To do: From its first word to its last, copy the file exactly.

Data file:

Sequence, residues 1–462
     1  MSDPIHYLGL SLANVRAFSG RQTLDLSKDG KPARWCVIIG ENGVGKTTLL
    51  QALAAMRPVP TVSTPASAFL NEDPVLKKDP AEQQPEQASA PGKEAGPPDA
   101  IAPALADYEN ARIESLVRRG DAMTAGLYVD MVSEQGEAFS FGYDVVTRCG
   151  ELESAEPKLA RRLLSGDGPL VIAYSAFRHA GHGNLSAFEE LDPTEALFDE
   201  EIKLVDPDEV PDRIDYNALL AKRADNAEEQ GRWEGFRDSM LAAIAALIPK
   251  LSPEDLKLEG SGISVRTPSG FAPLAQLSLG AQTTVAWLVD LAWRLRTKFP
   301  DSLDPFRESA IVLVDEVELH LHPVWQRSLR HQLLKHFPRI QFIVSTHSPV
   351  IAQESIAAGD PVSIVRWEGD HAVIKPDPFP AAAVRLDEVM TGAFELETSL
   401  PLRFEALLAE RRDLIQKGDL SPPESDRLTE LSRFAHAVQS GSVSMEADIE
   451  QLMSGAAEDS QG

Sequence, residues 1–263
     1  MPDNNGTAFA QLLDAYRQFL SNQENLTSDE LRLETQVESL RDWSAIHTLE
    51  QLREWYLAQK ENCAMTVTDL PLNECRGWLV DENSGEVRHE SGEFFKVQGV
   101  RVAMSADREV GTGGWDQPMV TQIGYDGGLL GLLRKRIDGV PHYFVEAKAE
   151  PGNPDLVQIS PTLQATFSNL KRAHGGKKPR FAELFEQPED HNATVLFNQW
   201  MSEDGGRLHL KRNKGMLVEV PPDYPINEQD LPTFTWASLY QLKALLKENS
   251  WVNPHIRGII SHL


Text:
Sequence, residues 1–462
     1  MSDPIHYLGL SLANVRAFSG RQTLDLSKDG KPARWCVIIG ENGVGKTTLL
    51  QALAAMRPVP TVSTPASAFL NEDPVLKKDP AEQQPEQASA PGKEAGPPDA
   101  IAPALADYEN ARIESLVRRG DAMTAGLYVD MVSEQGEAFS FGYDVVTRCG
   151  ELESAEPKLA RRLLSGDGPL VIAYSAFRHA GHGNLSAFEE LDPTEALFDE
   201  EIKLVDPDEV PDRIDYNALL AKRADNAEEQ GRWEGFRDSM LAAIAALIPK
   251  LSPEDLKLEG SGISVRTPSG FAPLAQLSLG AQTTVAWLVD LAWRLRTKFP
   301  DSLDPFRESA IVLVDEVELH LHPVWQRSLR HQLLKHFPRI QFIVSTHSPV
   351  IAQESIAAGD PVSIVRWEGD HAVIKPDPFP AAAVRLDEVM TGAFELETSL
   401  PLRFEALLAE RRDLIQKGDL SPPESDRLTE LSRFAHAVQS GSVSMEADIE
   451  QLMSGAAEDS QG

Sequence, residues 1–263
     1  MPDNNGTAFA QLLDAYRQFL SNQENLTSDE LRLETQVESL RDWSAIHTLE
    51  QLREWYLAQK ENCAMTVTDL PLNECRGWLV DENSGEVRHE SGEFFKVQGV
   101  RVAMSADREV GTGGWDQPMV TQIGYDGGLL GLLRKRIDGV PHYFVEAKAE
   151  PGNPDLVQIS PTLQATFSNL KRAHGGKKPR FAELFEQPED HNATVLFNQW
   201  MSEDGGRLHL KRNKGMLVEV PPDYPINEQD LPTFTWASLY QLKALLKENS
   251  WVNPHIRGII SHL